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02 Ford Taurus transmission quit

My daughter was driving 02 Taurus and transmission just quit. I checked fluid with car off and then started and went thru gears and rechecked, and fluid went down to operating range. So I assumed torque conv and pump were working. Towed it home and has been sitting for a month. Started it today and it moves in all gears. Anyone know what was/is wrong with it. I plan on changing trans filter and fluid. Any ideas of what else to do to it? Thanks

How many miles on the car?
How many miles has it been since the transmission fluid was changed (if ever)?

The AX4N/4F50N transmission is not known for being being particularly reliable. If the transmission fluid/filter has never been changed up to this point, then the odds are not great concerning the transmissions future viability. Even with changes every 50k miles, these transmissions don’t always make 150k miles, with less frequent changes, it’s reasonable to expect less.

135,000. Not sure if it’s ever been changed , I know it hasn’t in last 20,000 anyway. Is there anything else I can do besides change fluid and filter or is that pretty much it? Or just hope for the best

That’s all you can do

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At this point that’s all you can do. If it works, great. But if it doesn’t, be prepared to part with around $1.2k to $2k for a salvage or rebuilt transmission, or another car.

it Starts and runs but really shudders in any gear, and a little in park and neutral. A month ago when it quit moving the engine ran fine. What in the transmission would make it run like this? I already bought her a blazer to drive so I’m not putting much into the Taurus, off to the junkyard if I can’t get it running good enough.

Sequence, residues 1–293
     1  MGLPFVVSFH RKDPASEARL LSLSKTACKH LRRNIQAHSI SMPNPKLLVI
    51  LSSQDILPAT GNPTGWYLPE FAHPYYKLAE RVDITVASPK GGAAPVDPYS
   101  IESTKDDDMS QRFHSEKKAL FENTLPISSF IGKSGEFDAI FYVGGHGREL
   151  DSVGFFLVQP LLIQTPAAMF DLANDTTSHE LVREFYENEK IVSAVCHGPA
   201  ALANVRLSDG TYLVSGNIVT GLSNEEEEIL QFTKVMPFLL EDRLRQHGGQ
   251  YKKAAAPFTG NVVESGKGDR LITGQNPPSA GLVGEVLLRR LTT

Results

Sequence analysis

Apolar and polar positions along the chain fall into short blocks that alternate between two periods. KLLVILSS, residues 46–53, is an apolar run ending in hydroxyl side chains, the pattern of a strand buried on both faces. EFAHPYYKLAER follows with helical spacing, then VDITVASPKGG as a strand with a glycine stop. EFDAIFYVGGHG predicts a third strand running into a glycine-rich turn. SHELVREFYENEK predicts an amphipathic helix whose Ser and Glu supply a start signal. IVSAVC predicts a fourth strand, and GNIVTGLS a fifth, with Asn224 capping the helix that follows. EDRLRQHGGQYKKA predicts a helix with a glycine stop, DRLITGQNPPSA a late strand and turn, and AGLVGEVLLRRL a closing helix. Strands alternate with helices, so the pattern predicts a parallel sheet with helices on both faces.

Inside your automatic transmission there’s a pump that produces high pressures, and several planetary gear-sets. This type of gear set is programmable by fluid pressure. Each of them can be in neutral, reverse, or forward w/a particular gear ratio. When they are all put in the correct configuration via their fluid pressure inputs the transmission works as intended. There’s some valves and electrical solenoids to route the output of the pump pressure to where it needs to go for that speed and engine load, in order to program the gear sets. The shift itself is effected by applying high pressure to a combination of clutches and bands connected to the gear sets, which puts gear set into the correct mode. The common failure modes are

  • the pump doesn’t produce enough pressure, usually due to failing seals
  • the valves fail b/c they stick or b/c their seals fail
  • the clutches wear out and slip
  • the bands wear out and slip
  • one or more of the electrical solenoids fail

A common test a transmission shop uses is to measure the pump output pressure in each gear. The result is usually quite helpful towards the diagnosis. Measuring fluid pressures at other test points besides the main pump output is also a common diagnostic method.

In yoru case I’d guess either the pump output pressure is too low to effect and hold a shift, or the clutches and bands have worn out. There’s a slight chance of solenoid failures too. Cross yoru fingers it is the latter, as the solenoids are usually replaceable. Note I didn’t say they are inexpensive to replace, but less expensive than replacing or rebuilding the entire transmission. The reason folks here suggest to renew the trans fluid at routine intervals is b/c fresh trans fluid has chemicals in it that help keep the seals, pump, bands, and clutches working.

So it’s probably to late to change filter and fluid for it to do any good

You have replaced the vehicle so why not just list as is for a price that will have it gone quickly.

That’s prob what I’ll do

I’d guess less than a 50% chance replacing the fluid and filter would do much good. But that procedure doesn’t usually cost much, and there’s still some chance it might work.